Sorry to ramble (what's new!). With the better vet care, diets and owner awareness now-a-days, cats (and dogs) are living longer lives. It is good for us pet owners to become more aware of what to look for and how to care for our older pets. Thanks for your post and helping to educate us.

    Stephanie in Montreal
    Will Draper, DVM replied to srstephanie's response:
    Thank you, Stephanie. Good stuff!
    Dr. Will
    toni4187 responded:
    Good morning! I have an eight year old German Shepherd mix dog, who has been limping on and off for the last 3 months. My vet gave me chondroitin chewables for her, and she has been taking them (sometimes she hides it and pretends she ate it). I am up in mountains with here in Boone, NC, and it rained all day yesterdat. She has developed a very pronounced limp. Since I am in the country & can't get to my vet back in Raleigh, I wonder if I can give her baby aspirin for her pain. And if so, how much? She weighs about 65 pounds. (she definitely needs to lose weight, I know)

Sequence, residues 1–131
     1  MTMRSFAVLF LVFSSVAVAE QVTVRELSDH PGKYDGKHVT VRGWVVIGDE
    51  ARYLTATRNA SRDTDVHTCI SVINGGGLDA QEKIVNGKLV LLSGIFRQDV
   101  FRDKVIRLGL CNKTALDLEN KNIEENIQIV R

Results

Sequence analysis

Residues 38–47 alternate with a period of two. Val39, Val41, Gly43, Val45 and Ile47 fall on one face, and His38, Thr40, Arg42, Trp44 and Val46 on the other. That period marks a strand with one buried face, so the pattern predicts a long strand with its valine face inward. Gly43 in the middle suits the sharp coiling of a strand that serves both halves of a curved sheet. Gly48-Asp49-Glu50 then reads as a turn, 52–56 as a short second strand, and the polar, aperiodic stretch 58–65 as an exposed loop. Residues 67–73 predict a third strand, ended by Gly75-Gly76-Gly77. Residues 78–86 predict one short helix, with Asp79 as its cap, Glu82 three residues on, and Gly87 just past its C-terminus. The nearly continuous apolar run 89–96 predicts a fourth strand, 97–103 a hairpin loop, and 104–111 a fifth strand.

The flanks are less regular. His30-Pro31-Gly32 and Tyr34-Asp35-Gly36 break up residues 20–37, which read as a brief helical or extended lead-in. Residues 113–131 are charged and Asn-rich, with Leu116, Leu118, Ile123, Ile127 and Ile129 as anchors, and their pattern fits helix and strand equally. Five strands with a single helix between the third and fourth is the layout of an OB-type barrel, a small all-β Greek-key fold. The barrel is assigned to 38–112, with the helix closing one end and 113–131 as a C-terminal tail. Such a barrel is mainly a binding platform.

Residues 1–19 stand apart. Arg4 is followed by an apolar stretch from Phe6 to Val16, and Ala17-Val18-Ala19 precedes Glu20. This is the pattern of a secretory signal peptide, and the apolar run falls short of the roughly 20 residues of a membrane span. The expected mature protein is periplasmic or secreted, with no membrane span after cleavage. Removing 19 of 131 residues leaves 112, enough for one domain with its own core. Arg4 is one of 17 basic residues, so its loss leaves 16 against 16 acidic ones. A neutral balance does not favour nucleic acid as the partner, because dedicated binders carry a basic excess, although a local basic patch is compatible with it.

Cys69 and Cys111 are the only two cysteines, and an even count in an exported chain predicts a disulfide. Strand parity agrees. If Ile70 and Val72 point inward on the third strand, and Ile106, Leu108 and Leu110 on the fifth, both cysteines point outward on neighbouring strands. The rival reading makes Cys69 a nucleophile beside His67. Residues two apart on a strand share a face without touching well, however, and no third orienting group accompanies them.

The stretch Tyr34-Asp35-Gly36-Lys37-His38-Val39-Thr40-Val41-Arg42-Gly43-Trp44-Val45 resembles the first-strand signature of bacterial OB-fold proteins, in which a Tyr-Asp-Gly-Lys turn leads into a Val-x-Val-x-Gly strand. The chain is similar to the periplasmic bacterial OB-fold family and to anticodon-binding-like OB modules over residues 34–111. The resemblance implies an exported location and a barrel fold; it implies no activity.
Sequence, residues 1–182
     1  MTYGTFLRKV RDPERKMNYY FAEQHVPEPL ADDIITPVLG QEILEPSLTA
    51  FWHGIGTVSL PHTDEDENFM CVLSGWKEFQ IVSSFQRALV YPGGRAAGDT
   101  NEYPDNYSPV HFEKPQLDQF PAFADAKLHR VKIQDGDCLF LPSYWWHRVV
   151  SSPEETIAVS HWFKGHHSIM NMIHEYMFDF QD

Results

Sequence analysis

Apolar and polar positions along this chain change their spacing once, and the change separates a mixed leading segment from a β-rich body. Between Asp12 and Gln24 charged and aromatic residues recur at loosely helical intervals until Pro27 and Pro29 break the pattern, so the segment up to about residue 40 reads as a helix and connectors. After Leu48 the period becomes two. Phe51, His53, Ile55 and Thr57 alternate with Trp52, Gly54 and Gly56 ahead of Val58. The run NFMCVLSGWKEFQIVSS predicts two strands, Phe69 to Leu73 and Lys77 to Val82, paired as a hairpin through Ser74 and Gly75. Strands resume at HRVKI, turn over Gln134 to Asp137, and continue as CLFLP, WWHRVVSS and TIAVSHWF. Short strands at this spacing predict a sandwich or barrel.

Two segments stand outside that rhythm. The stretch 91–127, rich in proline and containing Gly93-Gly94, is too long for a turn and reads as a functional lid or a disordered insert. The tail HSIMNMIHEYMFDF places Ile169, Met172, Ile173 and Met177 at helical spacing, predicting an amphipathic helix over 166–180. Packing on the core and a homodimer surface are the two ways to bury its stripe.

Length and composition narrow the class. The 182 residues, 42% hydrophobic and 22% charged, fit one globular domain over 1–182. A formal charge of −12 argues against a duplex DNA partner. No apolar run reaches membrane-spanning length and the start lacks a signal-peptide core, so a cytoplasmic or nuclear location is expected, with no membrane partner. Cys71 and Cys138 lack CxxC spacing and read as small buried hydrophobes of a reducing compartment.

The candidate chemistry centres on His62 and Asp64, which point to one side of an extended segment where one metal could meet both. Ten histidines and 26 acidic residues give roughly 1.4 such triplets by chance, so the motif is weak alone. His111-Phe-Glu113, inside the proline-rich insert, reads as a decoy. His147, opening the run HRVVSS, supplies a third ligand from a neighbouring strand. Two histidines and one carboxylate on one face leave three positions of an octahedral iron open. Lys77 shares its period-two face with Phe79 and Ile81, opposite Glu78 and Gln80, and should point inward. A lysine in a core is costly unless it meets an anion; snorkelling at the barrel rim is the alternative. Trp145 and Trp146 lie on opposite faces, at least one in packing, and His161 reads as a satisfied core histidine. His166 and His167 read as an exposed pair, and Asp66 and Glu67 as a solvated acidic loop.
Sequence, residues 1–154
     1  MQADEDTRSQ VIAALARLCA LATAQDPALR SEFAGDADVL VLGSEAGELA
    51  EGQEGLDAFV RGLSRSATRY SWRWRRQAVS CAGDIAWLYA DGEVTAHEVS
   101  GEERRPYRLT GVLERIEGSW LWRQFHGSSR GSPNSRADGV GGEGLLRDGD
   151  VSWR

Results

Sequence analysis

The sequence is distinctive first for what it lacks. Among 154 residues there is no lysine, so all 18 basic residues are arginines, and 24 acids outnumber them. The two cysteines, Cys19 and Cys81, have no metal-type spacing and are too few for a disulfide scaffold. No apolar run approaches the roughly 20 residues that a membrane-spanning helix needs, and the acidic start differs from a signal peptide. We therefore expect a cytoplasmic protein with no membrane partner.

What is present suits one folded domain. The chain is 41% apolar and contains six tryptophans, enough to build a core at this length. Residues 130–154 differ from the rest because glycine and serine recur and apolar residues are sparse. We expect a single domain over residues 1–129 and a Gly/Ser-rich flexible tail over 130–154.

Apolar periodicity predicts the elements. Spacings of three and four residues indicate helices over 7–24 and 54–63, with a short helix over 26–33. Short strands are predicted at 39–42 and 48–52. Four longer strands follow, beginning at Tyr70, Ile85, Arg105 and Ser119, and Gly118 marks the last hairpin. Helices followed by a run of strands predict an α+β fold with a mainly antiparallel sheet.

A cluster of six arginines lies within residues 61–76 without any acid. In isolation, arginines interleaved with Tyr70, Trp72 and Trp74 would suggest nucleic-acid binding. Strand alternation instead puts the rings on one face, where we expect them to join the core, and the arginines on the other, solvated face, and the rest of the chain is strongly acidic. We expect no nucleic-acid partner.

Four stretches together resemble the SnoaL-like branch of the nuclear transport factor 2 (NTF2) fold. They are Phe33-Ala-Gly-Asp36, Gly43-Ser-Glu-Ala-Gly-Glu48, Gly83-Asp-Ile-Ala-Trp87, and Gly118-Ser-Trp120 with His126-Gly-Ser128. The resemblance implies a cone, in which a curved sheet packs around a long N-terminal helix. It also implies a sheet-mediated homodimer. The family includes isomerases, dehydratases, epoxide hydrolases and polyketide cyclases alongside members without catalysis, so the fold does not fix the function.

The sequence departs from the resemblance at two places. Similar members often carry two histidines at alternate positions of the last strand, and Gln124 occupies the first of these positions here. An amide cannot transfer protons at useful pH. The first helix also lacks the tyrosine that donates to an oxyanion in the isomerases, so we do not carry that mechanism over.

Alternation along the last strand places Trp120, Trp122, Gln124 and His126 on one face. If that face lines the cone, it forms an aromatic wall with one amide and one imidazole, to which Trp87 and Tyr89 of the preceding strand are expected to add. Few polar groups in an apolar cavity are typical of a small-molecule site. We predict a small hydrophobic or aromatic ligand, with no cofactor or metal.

Home2strays replied to toni4187's response:
    it may be easier to make a new post about this toni4187. but in the meantime do NOT give aspirin, they dont metabolize it like we do. Chondroitin and glucosamine take awhile to get into the system and cause a noticeable difference. Perhaps your vet would be kind enough to cal a pharmacy near you to pick up some light pain medicine for her to get her over this little hump.
    jewelbreeze replied to toni4187's response: